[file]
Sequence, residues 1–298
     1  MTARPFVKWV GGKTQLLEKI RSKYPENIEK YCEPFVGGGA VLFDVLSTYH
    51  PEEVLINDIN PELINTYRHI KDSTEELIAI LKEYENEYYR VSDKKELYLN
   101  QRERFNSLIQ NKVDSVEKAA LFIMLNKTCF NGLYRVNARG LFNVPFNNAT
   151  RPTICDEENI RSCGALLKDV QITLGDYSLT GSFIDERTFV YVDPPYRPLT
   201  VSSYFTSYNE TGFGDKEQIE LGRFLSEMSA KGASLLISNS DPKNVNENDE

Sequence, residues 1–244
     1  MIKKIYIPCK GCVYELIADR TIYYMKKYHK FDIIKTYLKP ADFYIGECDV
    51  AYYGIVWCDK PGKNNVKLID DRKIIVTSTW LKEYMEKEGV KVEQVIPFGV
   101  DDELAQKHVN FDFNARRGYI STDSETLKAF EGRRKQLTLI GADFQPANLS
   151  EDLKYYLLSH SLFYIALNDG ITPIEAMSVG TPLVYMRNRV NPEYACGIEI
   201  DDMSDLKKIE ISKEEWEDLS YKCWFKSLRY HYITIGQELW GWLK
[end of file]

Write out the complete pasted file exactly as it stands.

Sequence, residues 1–298
     1  MTARPFVKWV GGKTQLLEKI RSKYPENIEK YCEPFVGGGA VLFDVLSTYH
    51  PEEVLINDIN PELINTYRHI KDSTEELIAI LKEYENEYYR VSDKKELYLN
   101  QRERFNSLIQ NKVDSVEKAA LFIMLNKTCF NGLYRVNARG LFNVPFNNAT
   151  RPTICDEENI RSCGALLKDV QITLGDYSLT GSFIDERTFV YVDPPYRPLT
   201  VSSYFTSYNE TGFGDKEQIE LGRFLSEMSA KGASLLISNS DPKNVNENDE

Sequence, residues 1–244
     1  MIKKIYIPCK GCVYELIADR TIYYMKKYHK FDIIKTYLKP ADFYIGECDV
    51  AYYGIVWCDK PGKNNVKLID DRKIIVTSTW LKEYMEKEGV KVEQVIPFGV
   101  DDELAQKHVN FDFNARRGYI STDSETLKAF EGRRKQLTLI GADFQPANLS
   151  EDLKYYLLSH SLFYIALNDG ITPIEAMSVG TPLVYMRNRV NPEYACGIEI
   201  DDMSDLKKIE ISKEEWEDLS YKCWFKSLRY HYITIGQELW GWLK